Last month, Moody's dropped Detroit's GO rating below the investment-grade level to Ba1 from Baa, citing "weak credit fundamentals" that detract from long-term credit quality, despite the city's history "of continued efforts to maintain control over its budgetary operations."
At that time, Mayor Young protested the downgrade, claiming Moody's established new goals and used "substantially different criteria" to judge the city's creditworthiness. Moody's officials have denied the change.
Steve Murphy, a director at Standard & Poor's Corp., which affirmed a BBB rating with a negative outlook on the city's GO debt in June, said yesterday that the rejection of the debt restructuring "was not good news" for the city.
However, he said Detroit could make up for the $12.6 million from other sources, pointing out it was a small amount relative to the city's $2.12 billion budget for the fiscal year that began July 1.
In June, Standard & Poor's warned that Detroit must implemented the measures contained in the mayor's deficit elimination plan or come up with alternative measures in order to maintain its rating.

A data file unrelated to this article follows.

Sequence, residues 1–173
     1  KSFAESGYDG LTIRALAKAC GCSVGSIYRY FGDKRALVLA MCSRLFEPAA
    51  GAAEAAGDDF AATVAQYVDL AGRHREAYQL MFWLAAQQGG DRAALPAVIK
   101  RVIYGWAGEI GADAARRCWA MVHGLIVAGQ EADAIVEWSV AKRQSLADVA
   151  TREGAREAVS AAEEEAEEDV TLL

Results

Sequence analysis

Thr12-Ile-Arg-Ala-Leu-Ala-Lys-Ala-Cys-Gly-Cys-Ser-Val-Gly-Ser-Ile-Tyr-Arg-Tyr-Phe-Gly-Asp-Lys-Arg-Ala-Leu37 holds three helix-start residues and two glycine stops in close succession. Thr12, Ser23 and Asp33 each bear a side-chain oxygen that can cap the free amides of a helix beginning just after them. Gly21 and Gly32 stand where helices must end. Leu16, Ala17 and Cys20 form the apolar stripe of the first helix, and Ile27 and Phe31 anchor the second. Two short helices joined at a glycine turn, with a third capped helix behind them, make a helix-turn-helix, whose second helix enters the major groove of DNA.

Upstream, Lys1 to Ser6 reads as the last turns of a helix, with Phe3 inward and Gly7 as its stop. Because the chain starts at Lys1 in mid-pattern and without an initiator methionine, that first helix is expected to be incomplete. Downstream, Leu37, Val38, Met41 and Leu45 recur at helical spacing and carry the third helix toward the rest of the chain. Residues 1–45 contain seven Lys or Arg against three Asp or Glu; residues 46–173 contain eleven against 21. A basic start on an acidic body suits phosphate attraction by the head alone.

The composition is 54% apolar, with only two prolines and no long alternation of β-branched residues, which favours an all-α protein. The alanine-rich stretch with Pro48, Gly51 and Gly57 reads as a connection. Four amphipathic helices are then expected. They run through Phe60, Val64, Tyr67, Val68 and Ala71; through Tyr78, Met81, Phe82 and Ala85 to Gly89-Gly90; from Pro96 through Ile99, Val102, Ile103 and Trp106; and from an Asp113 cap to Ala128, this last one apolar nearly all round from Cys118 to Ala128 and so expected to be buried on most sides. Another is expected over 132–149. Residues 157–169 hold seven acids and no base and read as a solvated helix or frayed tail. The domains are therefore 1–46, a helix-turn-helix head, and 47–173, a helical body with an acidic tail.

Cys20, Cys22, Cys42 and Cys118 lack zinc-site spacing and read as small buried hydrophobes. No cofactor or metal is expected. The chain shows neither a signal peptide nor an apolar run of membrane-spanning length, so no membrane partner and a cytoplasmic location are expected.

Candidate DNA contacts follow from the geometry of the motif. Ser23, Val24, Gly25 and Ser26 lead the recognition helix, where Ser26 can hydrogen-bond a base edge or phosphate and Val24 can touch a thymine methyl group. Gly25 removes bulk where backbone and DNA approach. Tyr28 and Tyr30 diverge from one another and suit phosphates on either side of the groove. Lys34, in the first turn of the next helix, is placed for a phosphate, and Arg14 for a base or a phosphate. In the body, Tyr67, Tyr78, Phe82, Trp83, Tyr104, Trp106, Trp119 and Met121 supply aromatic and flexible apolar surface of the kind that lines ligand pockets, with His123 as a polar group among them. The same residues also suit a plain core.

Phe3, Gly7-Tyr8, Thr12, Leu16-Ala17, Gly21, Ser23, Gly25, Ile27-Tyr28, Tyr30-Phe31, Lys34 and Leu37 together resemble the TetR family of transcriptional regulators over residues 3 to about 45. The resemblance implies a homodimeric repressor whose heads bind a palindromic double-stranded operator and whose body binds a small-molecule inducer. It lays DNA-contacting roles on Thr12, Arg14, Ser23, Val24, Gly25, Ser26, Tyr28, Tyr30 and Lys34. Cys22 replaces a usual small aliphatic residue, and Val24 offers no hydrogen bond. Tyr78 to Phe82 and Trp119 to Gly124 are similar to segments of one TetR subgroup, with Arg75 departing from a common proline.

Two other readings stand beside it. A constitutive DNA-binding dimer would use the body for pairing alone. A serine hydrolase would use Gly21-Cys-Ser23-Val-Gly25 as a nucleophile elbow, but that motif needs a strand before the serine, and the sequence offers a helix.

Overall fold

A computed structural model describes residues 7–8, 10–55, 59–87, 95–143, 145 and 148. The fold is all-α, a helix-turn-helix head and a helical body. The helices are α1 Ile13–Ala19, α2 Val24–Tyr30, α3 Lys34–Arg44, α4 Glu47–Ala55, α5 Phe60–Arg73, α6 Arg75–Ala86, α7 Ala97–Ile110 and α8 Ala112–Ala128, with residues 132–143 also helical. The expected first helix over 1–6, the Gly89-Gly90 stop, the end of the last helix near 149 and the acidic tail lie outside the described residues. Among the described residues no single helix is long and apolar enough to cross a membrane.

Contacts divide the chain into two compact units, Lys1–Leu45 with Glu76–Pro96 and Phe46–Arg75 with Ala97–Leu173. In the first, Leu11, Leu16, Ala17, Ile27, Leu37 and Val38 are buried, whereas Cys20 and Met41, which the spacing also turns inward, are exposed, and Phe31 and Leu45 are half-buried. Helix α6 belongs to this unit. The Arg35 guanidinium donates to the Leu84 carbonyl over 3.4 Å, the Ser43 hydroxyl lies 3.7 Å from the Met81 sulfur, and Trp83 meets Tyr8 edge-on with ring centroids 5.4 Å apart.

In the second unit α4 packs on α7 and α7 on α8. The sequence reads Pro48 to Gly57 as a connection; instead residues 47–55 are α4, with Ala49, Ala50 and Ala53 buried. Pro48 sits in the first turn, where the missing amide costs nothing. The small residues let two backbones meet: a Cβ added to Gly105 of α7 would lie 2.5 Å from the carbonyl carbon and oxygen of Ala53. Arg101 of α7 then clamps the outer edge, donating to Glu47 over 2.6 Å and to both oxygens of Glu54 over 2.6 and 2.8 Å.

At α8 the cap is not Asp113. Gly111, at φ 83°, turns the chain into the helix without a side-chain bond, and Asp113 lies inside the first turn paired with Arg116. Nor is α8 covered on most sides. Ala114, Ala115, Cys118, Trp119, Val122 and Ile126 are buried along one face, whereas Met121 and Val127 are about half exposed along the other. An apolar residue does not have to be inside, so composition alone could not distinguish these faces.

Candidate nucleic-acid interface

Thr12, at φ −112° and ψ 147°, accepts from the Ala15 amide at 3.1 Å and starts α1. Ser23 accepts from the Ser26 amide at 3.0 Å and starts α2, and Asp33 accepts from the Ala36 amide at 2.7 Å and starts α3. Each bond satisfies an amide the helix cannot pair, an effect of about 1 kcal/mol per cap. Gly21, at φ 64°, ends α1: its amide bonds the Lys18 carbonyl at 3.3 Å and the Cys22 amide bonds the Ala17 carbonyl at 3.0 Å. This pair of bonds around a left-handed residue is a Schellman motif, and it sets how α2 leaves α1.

One major element of the plan is employee concessions. Yesterday, the city council adopted an ordinance to cut the salary of Detroit's 2,700 non-union employees by 8%. On June 30, mayor Young issued an executive order for a 10% pay cut. The city council took the mayor to court over the action, charging that only the council was legally empowered to set wage levels.
On July 23, a Wayne County Circuit Court Judge placed a temporary restraining order on the mayor's actions and set an Aug. 27 hearing date on the council's request for a permanent injunction.
Bob Berg, a spokesman for the mayor, said yesterday he did not know if the 8% cut would be acceptable to Mayor Young. He added that the city must settle the pay cut for non-union employees because it was holding up negotiations for pay reductions with the majority of the city's unions, whose contracts ended June 30. Of the 50 unions, which represents over 15,000 employees, the city has agreement for 10% wage cuts with six unions representing about 1,700 workers, Mr. Berg said.